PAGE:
Windows into Health Care - A Conversation with Secretary Bill Crouch

Nov 28, 2017

In the next episode of Window's into Health Care - our occasional series talking with health experts from around the state - health reporter Kara Lofton sits down with  Department of Health and Human Resources Cabinet Secretary Bill Crouch to talk about his work and what he feels are the biggest health issues the state is facing.

In the transcript below, Crouch talks about how the DHHR is dealing with the opioid crisis, concerns about the state's growing foster care crisis and how chronic conditions like diabetes and obesity impact West Virginia. 

The biggest problem is drugs and it's affecting virtually every department in DHHR. We have 80 percent of our children in foster homes [that] are from families who have had drug problems - either the overdoses by the mother or addiction by the mother. We have a large number of NAS babies - neonatal abstinence syndrome. These babies need special care. So, the problems are affected a lot by drugs. That's not our only problem. We have obesity in West Virginia - we are number one in obesity, we're number one in cardiovascular disease, number one in diabetes. So, there are a lot of health problems that are difficult to tackle because they require changing behavior and changing people's behavior is one of the toughest things to do in health care.

One of the things that I'm hearing from health professionals who are dealing with the addiction problem that is in this state is: not only how do we help change the behavior of existing users, but how do we prevent future users and how do we impact West Virginia's youth? I mean, what is the DHHR's approach to that?

You know, our death rate in West Virginia to opioids and drugs is over twice the national average. We have a problem that I believe is a community problem. This has to happen from the bottom up -- not the top down. I can speak all day long and Dr. Gupta - our public health officer - can speak, Jim [Johnson], our new director of the Office of Drug Control Policy, who was in the same position as city of Huntington for the past several years - can speak. It doesn't change things. We have to have change at the local level. So we're working on an approach that involves folks at the local level helping to tackle this problem. We need an intervention early on for these issues.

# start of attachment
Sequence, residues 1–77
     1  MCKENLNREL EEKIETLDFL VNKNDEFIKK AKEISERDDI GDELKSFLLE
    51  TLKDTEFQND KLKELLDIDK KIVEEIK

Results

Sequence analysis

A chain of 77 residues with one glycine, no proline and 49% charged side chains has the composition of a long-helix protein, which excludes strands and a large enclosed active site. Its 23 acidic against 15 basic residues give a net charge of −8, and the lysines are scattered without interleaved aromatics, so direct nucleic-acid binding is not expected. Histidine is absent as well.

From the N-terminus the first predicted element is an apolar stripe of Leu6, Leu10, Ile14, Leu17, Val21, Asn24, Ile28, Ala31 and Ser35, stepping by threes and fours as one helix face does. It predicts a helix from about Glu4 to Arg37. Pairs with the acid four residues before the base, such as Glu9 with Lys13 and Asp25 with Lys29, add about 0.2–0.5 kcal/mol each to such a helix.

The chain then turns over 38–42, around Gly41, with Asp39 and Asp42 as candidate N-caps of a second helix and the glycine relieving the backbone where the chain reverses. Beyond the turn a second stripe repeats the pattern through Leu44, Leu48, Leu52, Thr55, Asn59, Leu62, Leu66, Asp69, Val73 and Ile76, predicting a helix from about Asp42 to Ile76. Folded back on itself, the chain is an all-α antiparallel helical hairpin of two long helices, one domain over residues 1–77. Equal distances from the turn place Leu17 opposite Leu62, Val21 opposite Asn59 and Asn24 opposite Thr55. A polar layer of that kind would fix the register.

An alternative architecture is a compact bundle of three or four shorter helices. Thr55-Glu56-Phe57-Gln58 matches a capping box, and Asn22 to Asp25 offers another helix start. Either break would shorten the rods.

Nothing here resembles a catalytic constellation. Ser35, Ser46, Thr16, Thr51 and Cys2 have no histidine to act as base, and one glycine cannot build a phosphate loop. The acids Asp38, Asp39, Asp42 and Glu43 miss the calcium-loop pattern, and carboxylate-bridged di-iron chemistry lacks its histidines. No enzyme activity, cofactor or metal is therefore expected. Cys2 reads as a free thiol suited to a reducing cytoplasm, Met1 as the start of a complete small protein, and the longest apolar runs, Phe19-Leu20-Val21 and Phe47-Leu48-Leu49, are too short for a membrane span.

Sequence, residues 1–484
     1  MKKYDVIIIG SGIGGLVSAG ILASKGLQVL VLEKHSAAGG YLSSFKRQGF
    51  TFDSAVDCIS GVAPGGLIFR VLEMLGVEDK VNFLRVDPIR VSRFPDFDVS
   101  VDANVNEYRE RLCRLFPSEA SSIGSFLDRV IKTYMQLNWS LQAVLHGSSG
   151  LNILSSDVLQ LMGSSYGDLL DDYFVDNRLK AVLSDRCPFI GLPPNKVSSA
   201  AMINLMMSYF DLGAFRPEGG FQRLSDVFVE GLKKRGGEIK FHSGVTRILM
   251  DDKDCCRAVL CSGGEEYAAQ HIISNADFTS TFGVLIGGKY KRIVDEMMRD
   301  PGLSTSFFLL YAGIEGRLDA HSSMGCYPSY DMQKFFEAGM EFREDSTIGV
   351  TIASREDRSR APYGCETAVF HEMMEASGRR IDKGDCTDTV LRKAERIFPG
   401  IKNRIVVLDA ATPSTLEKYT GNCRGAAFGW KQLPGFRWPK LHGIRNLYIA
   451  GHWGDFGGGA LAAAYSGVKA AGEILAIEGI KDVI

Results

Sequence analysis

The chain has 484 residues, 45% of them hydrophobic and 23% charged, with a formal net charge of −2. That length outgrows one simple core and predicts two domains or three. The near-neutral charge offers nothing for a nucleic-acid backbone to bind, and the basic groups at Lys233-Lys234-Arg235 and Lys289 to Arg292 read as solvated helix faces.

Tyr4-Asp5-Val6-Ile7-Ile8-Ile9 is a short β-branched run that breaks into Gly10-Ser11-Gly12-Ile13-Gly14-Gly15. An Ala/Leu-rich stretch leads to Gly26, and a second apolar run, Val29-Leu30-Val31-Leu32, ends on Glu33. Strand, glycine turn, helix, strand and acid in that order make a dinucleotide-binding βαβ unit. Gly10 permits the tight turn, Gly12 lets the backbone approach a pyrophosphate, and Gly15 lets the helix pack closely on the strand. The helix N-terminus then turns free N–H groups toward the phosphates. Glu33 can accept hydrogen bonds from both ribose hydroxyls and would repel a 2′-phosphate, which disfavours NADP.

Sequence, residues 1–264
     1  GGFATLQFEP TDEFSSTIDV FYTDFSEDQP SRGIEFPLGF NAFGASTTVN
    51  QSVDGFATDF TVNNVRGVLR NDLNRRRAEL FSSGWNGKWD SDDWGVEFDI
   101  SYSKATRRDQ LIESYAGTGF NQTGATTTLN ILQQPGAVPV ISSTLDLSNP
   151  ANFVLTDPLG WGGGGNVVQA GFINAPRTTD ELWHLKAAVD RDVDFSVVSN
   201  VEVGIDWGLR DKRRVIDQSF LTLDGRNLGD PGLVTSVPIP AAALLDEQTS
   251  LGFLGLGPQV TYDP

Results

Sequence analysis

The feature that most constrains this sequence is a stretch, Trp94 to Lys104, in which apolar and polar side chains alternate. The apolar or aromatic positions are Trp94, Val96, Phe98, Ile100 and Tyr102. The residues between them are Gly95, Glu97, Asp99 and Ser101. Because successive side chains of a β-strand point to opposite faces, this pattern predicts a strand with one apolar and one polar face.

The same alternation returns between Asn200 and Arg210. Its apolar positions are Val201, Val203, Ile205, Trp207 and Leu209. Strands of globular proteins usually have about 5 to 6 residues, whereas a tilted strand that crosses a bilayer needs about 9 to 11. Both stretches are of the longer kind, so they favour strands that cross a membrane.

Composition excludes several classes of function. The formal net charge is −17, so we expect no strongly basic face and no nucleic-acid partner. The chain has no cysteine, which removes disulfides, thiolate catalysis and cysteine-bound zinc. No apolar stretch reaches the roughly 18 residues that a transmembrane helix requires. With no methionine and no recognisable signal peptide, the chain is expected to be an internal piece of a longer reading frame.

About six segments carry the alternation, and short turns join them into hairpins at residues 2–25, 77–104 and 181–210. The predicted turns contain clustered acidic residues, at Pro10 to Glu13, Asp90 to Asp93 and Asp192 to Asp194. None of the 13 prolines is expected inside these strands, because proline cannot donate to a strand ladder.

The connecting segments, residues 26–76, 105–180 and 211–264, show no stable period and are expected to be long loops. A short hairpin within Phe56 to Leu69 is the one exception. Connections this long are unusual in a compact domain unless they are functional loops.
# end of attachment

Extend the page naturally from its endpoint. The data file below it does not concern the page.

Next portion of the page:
So when you say approaching from the local level and from a community approach, those are pretty broad terms. Can you describe more specifically what you mean by that?

Well, that's what I've charged this department with - this office with  developing. But it could include a social worker. It could include a professional from the local behavioral mental health program. It could include someone from the local health department. It could include someone from emergency medical services. It needs to be a team of individuals who really are charged with going out and developing an intervention with an individual. A good example of what has happened in the past is in Huntington. In August of last year, 2016, we had 26 individuals overdose within a few hours. Our Department of Public Health was contacted a few days later and asked to do an epidemiological study to determine the outcome of that and determine any factors that might help prohibit that in the future. That report was done - I believe it was completed in January - and it showed not one of those individuals went for treatment. So what that tells me is we need a local team at the local level to contact those folks immediately and see if we can get people into treatment sooner and convince them that that is the way to go. They have to change that lifestyle. If nothing is done - in fact, we have a number of individuals who overdosed two or three times a day. And so, we have to have some intervention at a local level to have an impact on that.